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The RESPITE trial: remifentanil intravenously administered patient-controlled analgesia (PCA) versus pethidine intramuscular injection for pain relief in labour: study protocol for a randomised controlled trial

Trials201617:591

https://doi.org/10.1186/s13063-016-1708-3

Received: 15 July 2016

Accepted: 15 November 2016

Published: 12 December 2016

Abstract

Background

The commonest opioid used for pain relief in labour is pethidine (meperidine); however, its effectiveness has long been challenged and the drug has known side effects including maternal sedation, nausea and potential transfer across the placenta to the foetus. Over a third of women receiving pethidine require an epidural due to inadequate pain relief. Epidural analgesia increases the risk of an instrumental vaginal delivery and its associated effects. Therefore, there is a clear need for a safe, effective, alternative analgesic to pethidine. Evidence suggests that remifentanil patient-controlled analgesia (PCA) reduces epidural conversion rates compared to pethidine; however, no trial has yet investigated this as a primary endpoint. We are, therefore, comparing pethidine intramuscular injection to remifentanil PCA in a randomised controlled trial.

Methods/design

Women in established labour, requesting systemic opioid pain relief, will be randomised to either intravenously administered remifentanil PCA (intervention) or pethidine intramuscular injection (control) in an unblinded, 1:1 individual randomised trial.

Following informed consent, 400 women in established labour, who request systemic opioid pain relief, from NHS Trusts across England will undergo a minimised randomisation by a computer or automated telephone system to either pethidine or remifentanil. In order to balance the groups this minimisation is based on four parameters; parity (nulliparous versus multiparous), maternal age (<20, 20 < 30, 30 < 40, 40+ years), ethnicity (South Asian (Pakistani/Indian/Bangladeshi) versus Other) and induced versus spontaneous labour.

The effectiveness of pain relief provided by each technique will be recorded every 30 min after time zero, until epidural placement, delivery or transfer to theatre, quantified by Visual Analogue Scale. Incidence of maternal side effects including sedation, delivery mode, foetal distress requiring delivery, neonatal status at delivery and rate of initiation of breastfeeding within the first hour of birth will also be recorded.

Maternal satisfaction with her childbirth experience will be determined by a postpartum questionnaire prior to discharge from the delivery ward.

Discussion

The RESPITE trial’s primary outcome is the proportion of women who have an epidural placed for pain relief in labour in each arm.

Trial Registration

Current Controlled Trials registration number: ISRCTN29654603. Registered on 23 July 2013.

Keywords

Remifentanil Pethidine Epidural Pain relief Labour Childbirth

Background

Why is there a need to determine epidural conversion rates for intervention with remifentanil patient-controlled analgesia or pethidine for pain relief in labour?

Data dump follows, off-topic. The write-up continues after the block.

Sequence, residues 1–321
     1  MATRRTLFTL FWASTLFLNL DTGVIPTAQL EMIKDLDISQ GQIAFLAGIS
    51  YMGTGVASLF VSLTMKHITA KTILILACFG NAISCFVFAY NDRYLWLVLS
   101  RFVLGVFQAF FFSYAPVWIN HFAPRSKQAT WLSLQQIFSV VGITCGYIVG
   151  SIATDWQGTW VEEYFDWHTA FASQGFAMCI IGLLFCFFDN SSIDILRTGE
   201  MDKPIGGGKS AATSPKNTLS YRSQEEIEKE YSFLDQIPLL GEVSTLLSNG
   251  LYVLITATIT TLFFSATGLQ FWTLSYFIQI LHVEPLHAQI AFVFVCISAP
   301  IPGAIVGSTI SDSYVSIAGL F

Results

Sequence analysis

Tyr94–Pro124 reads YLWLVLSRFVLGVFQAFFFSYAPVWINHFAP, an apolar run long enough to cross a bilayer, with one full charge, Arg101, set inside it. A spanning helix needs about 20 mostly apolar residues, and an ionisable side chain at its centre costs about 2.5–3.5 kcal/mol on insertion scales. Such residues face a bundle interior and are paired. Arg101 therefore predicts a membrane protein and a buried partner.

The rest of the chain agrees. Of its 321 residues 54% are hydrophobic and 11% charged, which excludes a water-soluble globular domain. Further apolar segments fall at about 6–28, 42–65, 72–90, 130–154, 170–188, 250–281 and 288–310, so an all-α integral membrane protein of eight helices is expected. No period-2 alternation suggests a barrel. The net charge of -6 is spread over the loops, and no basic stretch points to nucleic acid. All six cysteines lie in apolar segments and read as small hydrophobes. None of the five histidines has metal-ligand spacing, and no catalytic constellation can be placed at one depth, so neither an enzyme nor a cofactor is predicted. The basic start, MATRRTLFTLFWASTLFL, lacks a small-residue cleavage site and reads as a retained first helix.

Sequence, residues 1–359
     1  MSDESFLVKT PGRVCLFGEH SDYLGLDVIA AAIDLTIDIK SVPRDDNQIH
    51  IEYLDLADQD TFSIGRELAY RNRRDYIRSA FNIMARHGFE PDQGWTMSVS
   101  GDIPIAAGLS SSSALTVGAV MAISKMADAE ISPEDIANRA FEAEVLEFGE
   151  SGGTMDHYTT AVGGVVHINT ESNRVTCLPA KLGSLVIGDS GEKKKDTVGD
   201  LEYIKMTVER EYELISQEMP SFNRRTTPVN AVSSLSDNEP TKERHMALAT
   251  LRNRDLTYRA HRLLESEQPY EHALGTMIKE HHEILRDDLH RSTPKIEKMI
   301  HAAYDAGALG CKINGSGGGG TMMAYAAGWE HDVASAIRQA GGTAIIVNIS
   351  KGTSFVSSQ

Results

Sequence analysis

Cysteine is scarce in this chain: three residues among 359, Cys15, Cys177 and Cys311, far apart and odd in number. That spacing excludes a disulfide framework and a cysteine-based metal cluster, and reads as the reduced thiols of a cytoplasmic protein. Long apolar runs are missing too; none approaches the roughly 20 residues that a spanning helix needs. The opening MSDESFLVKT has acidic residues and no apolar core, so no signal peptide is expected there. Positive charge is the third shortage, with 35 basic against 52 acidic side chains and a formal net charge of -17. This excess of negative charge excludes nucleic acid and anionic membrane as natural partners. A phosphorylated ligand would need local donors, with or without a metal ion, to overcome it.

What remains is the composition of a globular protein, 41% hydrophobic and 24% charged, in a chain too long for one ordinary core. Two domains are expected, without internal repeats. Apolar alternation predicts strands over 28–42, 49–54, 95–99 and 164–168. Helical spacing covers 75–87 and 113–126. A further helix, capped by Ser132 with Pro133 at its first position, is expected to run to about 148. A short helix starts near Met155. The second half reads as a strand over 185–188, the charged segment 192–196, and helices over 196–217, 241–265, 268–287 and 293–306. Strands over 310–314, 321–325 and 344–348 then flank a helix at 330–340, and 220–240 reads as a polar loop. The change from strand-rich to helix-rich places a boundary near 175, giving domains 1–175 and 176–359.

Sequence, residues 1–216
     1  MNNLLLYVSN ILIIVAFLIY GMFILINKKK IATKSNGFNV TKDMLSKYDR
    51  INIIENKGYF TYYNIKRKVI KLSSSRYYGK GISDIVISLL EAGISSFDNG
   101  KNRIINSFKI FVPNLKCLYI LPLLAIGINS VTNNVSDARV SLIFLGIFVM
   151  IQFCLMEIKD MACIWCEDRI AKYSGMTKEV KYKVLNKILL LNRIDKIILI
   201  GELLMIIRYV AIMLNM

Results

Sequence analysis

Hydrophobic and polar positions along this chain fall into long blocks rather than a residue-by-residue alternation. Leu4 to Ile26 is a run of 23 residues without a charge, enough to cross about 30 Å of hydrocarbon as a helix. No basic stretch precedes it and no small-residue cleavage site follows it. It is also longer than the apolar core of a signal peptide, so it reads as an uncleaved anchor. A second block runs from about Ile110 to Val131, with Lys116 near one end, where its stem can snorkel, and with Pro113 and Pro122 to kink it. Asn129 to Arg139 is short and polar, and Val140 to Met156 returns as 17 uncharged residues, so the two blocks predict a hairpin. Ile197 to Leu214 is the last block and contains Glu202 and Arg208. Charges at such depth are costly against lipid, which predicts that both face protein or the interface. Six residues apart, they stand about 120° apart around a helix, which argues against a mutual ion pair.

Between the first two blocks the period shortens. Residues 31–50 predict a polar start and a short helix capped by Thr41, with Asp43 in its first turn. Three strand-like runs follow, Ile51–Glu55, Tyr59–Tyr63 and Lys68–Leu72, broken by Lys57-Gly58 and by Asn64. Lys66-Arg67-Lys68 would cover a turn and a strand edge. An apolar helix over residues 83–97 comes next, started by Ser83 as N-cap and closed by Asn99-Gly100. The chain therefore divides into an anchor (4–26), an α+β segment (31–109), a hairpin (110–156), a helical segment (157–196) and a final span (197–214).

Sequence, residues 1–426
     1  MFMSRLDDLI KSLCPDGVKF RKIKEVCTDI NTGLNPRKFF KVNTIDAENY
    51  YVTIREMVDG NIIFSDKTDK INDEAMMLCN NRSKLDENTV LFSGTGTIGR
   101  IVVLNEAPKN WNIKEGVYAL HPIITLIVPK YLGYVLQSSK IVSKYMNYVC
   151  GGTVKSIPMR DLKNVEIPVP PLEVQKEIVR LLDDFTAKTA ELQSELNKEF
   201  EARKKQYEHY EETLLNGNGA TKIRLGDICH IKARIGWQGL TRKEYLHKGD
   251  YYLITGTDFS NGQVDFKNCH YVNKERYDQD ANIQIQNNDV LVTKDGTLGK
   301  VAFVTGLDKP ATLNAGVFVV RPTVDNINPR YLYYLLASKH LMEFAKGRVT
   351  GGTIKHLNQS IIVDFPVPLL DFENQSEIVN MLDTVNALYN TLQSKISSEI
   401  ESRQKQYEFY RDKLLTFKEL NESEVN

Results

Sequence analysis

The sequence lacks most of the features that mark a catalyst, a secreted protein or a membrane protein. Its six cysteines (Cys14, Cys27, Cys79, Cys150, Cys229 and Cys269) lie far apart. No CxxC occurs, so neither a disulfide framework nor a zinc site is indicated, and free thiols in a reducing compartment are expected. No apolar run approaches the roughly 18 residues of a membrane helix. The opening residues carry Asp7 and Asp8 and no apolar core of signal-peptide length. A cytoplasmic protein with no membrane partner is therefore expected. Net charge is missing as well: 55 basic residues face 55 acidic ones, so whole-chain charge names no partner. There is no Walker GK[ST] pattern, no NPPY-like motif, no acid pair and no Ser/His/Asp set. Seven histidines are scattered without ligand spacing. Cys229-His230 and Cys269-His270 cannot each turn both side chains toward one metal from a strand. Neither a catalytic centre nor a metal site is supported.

Childbirth can be extremely painful and the provision of pain relief during labour is a humanitarian duty and a vital component of a positive maternal experience. The majority of women who deliver in modern obstetric units choose a pharmacological method of pain relief, including Entonox (50% N2O and 50% O2 mixture), the injection of opioids or neuraxial analgesia by epidural placement. The commonest opioid used in labour is pethidine, administered by intramuscular (im) injection [1]. However, the effectiveness of pain relief provided by pethidine has long been challenged [2]. Its shortcomings are more serious when set against known side effects including maternal sedation, nausea and potential transfer across the placenta to the foetus [3]. More than a third of women who receive pethidine subsequently require an epidural due to inadequate pain relief [4]. Epidurals provide highly effective pain relief, but increase the risk of a forceps or suction delivery [57]. Instrumental deliveries are associated with various long-term disadvantages including increased likelihood of faecal incontinence [8], sexual dysfunction [9, 10] and extended hospital stay. Modern ‘low-dose’ epidural regimens reduce this impact on labour but do not completely mitigate the effect.

Patient-controlled analgesia (PCA) comprises drug administration via an intravenous drip with a small dose given each time a woman presses a button, giving her control over her own pain relief. The pump is programmed to ensure that the maximum dose allowable is within the safe range in a given time period. This form of delivery of pain relief matches the drug dose to pain sensation within the relevant time frame, which is not possible using a single-dose im injection [11]. Whilst PCA is in widespread use for acute pain relief after surgery it has only a limited role in obstetrics.

Remifentanil is a novel synthetic opioid with a very rapid onset (blood-brain equilibration 1.2–1.4 min) and short duration of action (context specific half-life 2–3 min) [12], giving it an analgesic profile which potentially makes it effective for providing pain relief over one to two uterine contractions after a single intravenously administered dose. It is subject to rapid redistribution and metabolism by nonspecific blood and tissue esterases, negating the potential for accumulation in mother or foetus [13]. Administration of remifentanil by PCA has been investigated in several small studies in comparison to pethidine and been shown to provide useful, although not complete, pain relief in labour [1416]. Thus far, there is no evidence of detrimental neonatal effects in comparison to other opioids [13, 15, 17].